its foliage and growth habit: Thick needles can be nearly three inches long, which is noticeably longer than those of true yews. They spiral around the vertical stems, for a look very reminiscent of bottle brushes. The first needles of the season are the longest. The new stem continues to elongate over the growing season, producing additional needles steadily. In smooth sequence, those needles mature to shorter and shorter lengths. The following season brings a new cycle of growth, with a stem (usually just a singleton) that emerges directly from last year's tip.

Young plants are much slower and more congested, and the needles don't display this cycle of differing lengths nearly as well. Only after several years of settling-in does the shrub begin to produce new stems of sufficient length—six to twelve inches—to permit wider spacing of the needles and, hence, a smoother and more well-displayed gradation in their lengths.

Needles of 'Korean Gold' are pale yellow—nearly white in full sun—at the sides and the tip; only the base is completely green. In the relatively cool Summers of New England, the color holds well into Winter: The opening pair of pictures of this article was taken last February, and the closing trio this February. In climates of eastern United States with longer and hotter Summers—roughly, Washington, DC, and south—don't be surprised that the yellow fades to green during the Summer. Michael Dirr recalls that in North Carolina, 'Korean Gold' was green most of the year.

Whatever the color of the needles of Cephalotaxus, it is rare for deer even to sample them, let alone browse them diligently. I regularly include Cephaloxatus in client projects where deer pressure is heavy. I have never lost so much as a tip of foliage to them.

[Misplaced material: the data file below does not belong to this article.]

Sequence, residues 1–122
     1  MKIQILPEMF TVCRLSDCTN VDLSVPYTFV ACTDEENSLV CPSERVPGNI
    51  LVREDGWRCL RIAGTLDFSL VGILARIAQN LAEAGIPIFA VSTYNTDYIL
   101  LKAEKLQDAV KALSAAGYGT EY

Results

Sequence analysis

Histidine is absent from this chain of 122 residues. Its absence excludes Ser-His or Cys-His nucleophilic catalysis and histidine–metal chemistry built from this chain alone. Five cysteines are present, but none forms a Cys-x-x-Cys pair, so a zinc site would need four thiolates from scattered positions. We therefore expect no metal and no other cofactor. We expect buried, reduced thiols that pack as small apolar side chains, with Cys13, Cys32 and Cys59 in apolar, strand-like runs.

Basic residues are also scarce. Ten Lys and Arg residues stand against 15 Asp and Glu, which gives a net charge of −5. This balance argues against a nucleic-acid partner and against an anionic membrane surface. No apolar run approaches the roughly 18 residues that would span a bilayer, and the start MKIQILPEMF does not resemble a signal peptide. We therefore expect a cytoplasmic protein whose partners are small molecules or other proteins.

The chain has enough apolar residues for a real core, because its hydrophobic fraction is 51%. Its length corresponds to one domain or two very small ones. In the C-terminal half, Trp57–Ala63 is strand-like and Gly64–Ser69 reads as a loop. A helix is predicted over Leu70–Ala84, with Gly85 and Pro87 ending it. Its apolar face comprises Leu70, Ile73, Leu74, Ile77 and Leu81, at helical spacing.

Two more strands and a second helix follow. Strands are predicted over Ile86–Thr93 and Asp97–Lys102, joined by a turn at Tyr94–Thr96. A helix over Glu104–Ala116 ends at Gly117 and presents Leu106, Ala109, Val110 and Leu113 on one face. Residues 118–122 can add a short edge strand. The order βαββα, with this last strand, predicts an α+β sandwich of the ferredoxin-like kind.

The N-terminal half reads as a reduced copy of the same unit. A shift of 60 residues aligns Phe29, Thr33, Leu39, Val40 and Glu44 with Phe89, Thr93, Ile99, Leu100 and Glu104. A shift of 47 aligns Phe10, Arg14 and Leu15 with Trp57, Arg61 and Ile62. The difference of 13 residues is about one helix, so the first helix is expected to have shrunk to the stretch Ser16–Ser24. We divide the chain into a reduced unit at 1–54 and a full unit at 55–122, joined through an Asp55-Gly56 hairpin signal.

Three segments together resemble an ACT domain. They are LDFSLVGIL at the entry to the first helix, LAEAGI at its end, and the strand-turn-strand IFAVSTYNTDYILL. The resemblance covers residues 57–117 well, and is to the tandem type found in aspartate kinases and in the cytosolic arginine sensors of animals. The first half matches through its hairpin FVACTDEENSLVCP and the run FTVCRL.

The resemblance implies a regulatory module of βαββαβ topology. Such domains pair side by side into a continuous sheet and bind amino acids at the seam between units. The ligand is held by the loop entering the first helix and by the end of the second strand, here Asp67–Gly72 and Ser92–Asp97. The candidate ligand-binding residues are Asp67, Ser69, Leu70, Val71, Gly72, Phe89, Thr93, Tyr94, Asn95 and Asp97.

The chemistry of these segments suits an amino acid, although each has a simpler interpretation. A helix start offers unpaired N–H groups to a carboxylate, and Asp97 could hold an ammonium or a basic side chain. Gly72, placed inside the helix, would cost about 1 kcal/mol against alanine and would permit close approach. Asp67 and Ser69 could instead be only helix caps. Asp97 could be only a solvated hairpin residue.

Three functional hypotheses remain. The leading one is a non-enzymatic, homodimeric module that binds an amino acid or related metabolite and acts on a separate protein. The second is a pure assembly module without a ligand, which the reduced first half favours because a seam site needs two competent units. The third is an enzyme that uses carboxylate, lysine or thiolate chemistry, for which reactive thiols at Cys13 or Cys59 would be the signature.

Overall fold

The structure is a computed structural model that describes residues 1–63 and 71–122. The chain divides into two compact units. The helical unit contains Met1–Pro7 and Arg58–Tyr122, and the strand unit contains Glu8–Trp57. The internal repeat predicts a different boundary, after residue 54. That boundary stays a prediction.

its tolerance: Although 'Korean Gold' loses its gold during a southern Summer, Cephalotaxus thrives throughout the Deep South, where prolonged and high day- and night-time heat is too much for yews. Cephalotaxus will grow in almost pure sand and full sun near open ocean, as well as in deep rich soil in shady moist woods.  

Flowering season

Spring into early Summer, but the inflorescences are only modestly showy. Cephalotaxus harringtonia is a dioecious species, but I can't locate a source that identifies the sex of 'Korean Gold', and my plant is still too young to flower. My hunch is that this cultivar is male: The fruits of the females are reported as being messy, so there will have been a consistent look-out for ornamental male clones.

Color combinations

The gold and pale yellow of 'Korean Gold' combine with any other colors, because the foliage retains a bit of green—the universal neutral—at its base. The most lively pairings would be with blue, purple, burgundy, and ebony. See "Plant partners," below.